Some don’t make it back.  

Image: John Pierce, Photosport International

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  1. Charles Cushman

    To add to this, if you have never tried an illegal drug it is hard to understand how good they can make you feel. I would have to think that doping could have that same effect and riding without EPO could feel the same as the first bike ride after a winter of not riding.

  2. Dano

    Very well stated. The concept of dual diagnosis or dual characteristic is very intersting and you do well to bring this out. I had not formally noted that but it is true and they are present for many. Indeed, the virtues pro cyclist possess, that of digging deep into ones soul and suffering at the levels they do, to levels of a sadistic personhood coupled w/dope is an awful combination. On one hand, this duality is purposely developed, then in the twighlight of a career abandoned only to fall in depths of sadness and hopelessness that they can indeed appreciate.

    Especially to note beyond just the most recent and sad examples of Pantani, VDB and all, are the examples of Charly Gaul, Tom Simpson and many others. Those who generations ago were using amphetamines and other drugs. At that time however, and most interestingly, the notion was it was actually harmful NOT to use drugs, that the body could not perform at the levels these men were riding at without help of amphetamines. So they used. Gaul noted one day that as he used, lined up at the line being both seen by other riders as ‘near death’ and stating to fellow riders that ‘today he was going to die’. The notes of those riders are interesting to read, it is insightful and something I find very intersting.

    But not all used either. For example, Greame Obree had well documented major depression and I am not aware of any notes of him using drugs, at least openly. He did well some days, other days were living hell. Nonetheless, with or without dope, after their careers end, there are depths that many do dwell in.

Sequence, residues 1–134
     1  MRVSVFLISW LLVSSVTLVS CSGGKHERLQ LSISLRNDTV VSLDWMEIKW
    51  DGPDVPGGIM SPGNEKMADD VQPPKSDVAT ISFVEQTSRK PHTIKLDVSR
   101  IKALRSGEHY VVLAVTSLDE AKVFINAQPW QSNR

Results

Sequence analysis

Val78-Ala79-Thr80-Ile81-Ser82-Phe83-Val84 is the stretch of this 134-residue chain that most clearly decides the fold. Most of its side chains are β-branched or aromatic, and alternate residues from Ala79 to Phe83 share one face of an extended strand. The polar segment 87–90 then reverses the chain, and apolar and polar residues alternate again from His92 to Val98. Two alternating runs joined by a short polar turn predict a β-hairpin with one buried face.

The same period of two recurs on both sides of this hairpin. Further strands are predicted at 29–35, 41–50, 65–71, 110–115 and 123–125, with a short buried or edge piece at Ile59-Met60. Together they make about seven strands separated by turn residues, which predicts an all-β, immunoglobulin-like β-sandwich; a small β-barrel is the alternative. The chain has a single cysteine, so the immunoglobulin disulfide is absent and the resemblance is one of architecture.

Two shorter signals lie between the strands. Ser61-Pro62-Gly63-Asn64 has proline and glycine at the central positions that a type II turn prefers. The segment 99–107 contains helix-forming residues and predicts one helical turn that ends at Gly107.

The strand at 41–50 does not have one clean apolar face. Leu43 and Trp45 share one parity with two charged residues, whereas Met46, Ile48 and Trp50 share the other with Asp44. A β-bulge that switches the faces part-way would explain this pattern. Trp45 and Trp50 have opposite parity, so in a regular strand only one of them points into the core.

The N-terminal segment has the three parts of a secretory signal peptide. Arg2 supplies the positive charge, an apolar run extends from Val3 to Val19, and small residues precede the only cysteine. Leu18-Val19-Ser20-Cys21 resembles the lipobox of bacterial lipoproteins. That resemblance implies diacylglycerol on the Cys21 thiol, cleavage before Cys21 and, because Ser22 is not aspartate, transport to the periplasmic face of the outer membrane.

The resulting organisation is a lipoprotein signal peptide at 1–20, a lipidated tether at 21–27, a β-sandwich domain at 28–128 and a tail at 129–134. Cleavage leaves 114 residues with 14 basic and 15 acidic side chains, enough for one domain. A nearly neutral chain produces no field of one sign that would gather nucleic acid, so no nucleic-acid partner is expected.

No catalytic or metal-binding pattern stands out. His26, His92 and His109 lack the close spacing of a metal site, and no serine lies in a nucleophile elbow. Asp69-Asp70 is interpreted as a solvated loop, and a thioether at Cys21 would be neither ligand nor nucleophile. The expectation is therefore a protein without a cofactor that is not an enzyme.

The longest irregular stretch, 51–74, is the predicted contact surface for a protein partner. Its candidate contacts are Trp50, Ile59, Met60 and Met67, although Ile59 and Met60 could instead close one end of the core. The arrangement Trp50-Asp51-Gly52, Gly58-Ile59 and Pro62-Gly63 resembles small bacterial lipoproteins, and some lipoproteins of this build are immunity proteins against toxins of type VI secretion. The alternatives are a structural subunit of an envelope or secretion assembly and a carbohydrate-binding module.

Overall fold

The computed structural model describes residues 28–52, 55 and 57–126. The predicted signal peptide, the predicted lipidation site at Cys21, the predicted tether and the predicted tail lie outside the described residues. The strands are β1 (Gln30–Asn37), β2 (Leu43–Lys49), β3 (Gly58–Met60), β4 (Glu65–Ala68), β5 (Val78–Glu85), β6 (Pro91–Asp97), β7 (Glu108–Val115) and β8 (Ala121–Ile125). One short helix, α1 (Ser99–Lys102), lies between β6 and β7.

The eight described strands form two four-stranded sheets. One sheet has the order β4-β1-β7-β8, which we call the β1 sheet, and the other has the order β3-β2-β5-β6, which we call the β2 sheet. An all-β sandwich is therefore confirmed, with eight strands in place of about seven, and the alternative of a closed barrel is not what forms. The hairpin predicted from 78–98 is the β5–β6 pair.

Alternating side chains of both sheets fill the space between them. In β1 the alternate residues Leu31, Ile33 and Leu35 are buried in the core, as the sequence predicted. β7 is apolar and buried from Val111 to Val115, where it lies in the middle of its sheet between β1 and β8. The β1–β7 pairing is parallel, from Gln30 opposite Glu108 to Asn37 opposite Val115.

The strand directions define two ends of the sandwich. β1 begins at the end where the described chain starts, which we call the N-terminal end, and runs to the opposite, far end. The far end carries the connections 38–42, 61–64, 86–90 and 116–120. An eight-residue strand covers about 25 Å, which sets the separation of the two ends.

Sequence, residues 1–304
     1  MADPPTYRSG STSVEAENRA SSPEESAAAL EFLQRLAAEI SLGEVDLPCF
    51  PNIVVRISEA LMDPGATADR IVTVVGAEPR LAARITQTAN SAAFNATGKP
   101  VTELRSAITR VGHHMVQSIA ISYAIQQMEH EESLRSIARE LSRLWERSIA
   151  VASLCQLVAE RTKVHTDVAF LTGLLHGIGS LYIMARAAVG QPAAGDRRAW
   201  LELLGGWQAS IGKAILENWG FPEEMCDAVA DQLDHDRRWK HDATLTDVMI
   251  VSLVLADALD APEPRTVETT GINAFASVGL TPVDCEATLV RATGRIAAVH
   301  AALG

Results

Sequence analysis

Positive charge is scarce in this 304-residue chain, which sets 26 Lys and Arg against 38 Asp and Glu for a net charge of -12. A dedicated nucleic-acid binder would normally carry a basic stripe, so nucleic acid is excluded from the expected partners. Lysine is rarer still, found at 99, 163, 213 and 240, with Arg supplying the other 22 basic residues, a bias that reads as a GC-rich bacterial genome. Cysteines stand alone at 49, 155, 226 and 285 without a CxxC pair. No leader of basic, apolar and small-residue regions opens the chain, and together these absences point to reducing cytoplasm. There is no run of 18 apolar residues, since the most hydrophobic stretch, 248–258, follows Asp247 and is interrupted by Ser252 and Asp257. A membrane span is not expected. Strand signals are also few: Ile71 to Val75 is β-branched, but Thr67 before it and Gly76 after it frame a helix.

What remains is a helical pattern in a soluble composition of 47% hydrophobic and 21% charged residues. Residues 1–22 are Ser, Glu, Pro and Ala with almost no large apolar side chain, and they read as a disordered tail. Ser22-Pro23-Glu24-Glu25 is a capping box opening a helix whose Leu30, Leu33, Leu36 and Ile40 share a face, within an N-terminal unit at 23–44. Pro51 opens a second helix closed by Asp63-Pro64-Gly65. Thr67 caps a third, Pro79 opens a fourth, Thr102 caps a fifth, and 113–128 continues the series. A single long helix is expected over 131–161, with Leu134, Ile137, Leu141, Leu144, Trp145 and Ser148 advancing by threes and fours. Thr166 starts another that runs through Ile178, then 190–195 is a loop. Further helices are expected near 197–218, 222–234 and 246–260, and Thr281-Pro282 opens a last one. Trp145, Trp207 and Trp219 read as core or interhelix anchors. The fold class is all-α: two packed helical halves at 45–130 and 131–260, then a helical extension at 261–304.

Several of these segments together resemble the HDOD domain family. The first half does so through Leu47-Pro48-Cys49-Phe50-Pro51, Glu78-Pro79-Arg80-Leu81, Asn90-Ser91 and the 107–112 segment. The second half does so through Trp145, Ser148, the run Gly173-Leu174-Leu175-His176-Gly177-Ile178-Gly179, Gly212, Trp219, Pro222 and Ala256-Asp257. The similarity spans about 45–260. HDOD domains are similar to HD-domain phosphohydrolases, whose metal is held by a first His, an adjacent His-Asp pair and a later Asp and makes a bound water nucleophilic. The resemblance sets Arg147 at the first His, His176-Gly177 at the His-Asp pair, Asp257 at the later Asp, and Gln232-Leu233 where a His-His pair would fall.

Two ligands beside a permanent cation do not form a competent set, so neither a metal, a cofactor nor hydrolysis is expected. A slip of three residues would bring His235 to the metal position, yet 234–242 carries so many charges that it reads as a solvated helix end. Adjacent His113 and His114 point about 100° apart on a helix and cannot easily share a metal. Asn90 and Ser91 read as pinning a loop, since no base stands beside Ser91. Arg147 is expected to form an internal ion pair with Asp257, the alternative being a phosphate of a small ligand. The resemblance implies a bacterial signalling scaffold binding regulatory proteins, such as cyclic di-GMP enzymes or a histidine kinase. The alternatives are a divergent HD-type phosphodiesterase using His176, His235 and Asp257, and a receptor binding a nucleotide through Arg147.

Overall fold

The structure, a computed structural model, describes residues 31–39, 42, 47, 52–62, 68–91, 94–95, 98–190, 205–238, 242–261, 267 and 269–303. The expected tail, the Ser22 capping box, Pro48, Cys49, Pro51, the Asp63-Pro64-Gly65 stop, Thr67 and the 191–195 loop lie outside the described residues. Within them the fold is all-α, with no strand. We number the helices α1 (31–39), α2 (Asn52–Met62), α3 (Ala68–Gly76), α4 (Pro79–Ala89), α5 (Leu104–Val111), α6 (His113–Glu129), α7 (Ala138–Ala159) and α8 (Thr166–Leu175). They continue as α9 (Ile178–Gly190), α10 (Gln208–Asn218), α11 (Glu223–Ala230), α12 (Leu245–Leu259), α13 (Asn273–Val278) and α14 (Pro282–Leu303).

No doubt though is it is well noted the post-performance and post-career major depression that results from the drug use, as Gaul was a recluse rarely seen afterward and others clearly were worse because of the drug use during their career.

  3. lachlan

    Interesting point about “tendency toward extreme behaviors”.

    One could say its pretty much an entry requirement to competitive cycling… Even at a basic amateur level your life is very much at an extreme: mentally, physically, in what you eat and drink, in what you think about, and what you spend your time and money on.

    Friends and family can atest to that even if the riders can’t always!

    Even at an amateur level you see the top guys lives (and performances) which are very extreme, and so can (almost) imagine the extremes required to be a top pro.

    So I guess as you suggest not surprising that its easy to do extreme things beyond the bike.

  4. Marco Placero

    I wonder whether it works another way for high-performing athletes: illicit drugs to PEDs. We here in Northern California have a fantastic racer who’s struggling with addiction, although it’s unknown about possible PED use. Don’t know him but the profile seems to fit the bit know about his story. It’s definitely the personality type that goes with obsessive behaviors described eloquently by Da Robot. His insights make me wonder about my own “healthy” cycling addictions.

    I hope this dude’s friends read this blog and can get some new avenues from Da Robot’s well thought essay, to help him rise back to the greatness in him, but for his illicit drug use.

    Maybe they can remind him of positive precipitating events, to get him back on his feet before it’s too late. The rest of us can only dip our skulls in a Red Kite Prayer for this dude. The same for Tomeke.

  5. Jim

    The urge to be completely non-judgmental is very admirable. In practice, however, I think we need to be careful to preserve the social stigma attached to doping. Culture is often a more powerful motivator than laws. Remove the stigma and you remove a barrier that prevents riders from doping. Given governments’ lax attitudes generally toward performance enhancing drugs – Puerto and Balco and Festina notwithstanding – the only other barriers to doping are possible penalties if caught, rider conscience and social stigma. We shouldn’t unwittingly kick one of the legs out from under the stool on which anti-doping efforts rest.

  6. Marco Placero